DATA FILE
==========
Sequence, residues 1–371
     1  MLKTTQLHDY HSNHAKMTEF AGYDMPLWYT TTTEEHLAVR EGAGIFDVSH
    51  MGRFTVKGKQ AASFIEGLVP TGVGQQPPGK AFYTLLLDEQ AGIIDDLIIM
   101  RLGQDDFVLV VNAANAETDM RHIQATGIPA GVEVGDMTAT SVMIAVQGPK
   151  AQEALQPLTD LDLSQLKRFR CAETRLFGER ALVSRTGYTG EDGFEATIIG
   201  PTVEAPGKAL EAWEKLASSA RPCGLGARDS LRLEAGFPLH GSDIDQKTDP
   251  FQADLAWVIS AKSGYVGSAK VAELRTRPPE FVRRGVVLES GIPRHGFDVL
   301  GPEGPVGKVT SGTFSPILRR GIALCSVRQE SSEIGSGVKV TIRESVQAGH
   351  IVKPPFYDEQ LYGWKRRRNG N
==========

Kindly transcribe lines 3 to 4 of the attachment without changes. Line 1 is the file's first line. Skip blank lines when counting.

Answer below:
    51  MGRFTVKGKQ AASFIEGLVP TGVGQQPPGK AFYTLLLDEQ AGIIDDLIIM
   101  RLGQDDFVLV VNAANAETDM RHIQATGIPA GVEVGDMTAT SVMIAVQGPK